Evans says Fed applications are a significant setback, disenchanted in Treasury Division’s try and cease funding
Charles Evans, President of the US Federal Reserve in Chicago, said Friday he was disappointed with the Treasury Department’s decision to end several loan programs run during the coronavirus pandemic.
A day after Treasury Secretary Steven Mnuchin said the programs would not continue beyond the year-end deadline, Evans told CNBC that the facilities had an important role to play.
“I think our 13 (3) facilities have been very helpful. They play an important role when markets are in a more difficult situation,” he told CNBC’s Steve Liesman in an interview with Squawk Box. “I think the backstop role could be important for some time, so it’s disappointing.”
Evans’ comments related to the section of the Federal Reserve Act under which the emergency programs were created.
The facilities in question include two where the Fed has bought corporate bonds, another that focuses on lending to state and local governments, and the Main Street Lending Program, which is aimed at small and medium-sized businesses.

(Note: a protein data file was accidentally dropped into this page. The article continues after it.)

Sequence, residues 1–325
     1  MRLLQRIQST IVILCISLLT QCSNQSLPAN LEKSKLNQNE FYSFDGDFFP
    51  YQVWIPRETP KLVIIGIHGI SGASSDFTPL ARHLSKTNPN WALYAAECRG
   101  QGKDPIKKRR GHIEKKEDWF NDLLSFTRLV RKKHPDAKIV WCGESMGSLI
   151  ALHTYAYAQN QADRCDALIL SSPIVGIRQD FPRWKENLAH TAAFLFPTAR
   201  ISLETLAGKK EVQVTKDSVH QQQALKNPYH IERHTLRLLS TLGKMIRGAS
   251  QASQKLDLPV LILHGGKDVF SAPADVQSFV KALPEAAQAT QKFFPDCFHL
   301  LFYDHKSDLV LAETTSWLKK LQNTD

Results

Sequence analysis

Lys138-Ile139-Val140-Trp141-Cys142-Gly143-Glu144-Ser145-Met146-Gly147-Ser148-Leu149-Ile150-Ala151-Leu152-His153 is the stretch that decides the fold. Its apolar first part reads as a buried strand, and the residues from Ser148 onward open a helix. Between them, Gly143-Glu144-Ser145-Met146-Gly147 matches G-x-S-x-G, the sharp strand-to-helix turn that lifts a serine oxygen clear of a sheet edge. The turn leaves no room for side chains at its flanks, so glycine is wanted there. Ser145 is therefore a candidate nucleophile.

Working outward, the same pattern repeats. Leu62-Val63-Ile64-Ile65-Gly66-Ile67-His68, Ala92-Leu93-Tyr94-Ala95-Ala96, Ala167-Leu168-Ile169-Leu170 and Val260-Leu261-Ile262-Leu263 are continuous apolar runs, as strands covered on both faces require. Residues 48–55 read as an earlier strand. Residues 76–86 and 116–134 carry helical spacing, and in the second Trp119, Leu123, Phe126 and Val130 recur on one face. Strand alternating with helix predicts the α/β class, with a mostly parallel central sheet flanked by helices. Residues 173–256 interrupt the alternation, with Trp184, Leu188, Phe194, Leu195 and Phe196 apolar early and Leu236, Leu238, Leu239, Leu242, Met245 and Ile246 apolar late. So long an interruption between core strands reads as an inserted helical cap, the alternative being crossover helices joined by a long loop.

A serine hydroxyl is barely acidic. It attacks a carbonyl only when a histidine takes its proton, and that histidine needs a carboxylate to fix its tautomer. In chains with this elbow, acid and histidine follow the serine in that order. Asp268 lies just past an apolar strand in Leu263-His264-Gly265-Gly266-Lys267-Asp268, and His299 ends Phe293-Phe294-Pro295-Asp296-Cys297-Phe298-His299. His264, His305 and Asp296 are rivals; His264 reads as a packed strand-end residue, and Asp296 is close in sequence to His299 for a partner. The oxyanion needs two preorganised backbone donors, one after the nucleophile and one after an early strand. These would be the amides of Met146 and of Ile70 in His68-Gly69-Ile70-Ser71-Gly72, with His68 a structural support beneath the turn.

The Treasury Department funded the programs with collateral that allowed the full credit capacity to be used. Most of the facilities were used sparingly, although Fed officials said their existence helped calm markets during the March turmoil and has been a support mechanism ever since.
In a statement that responded to a letter from Mnuchin to Fed chairman Jerome Powell, the central bank said it wanted the programs to continue as they “continue to play an important role in supporting our still strained and fragile economy play”.
Evans said he feared parts of the economy will need more support as the virus continues to spread rapidly across the country.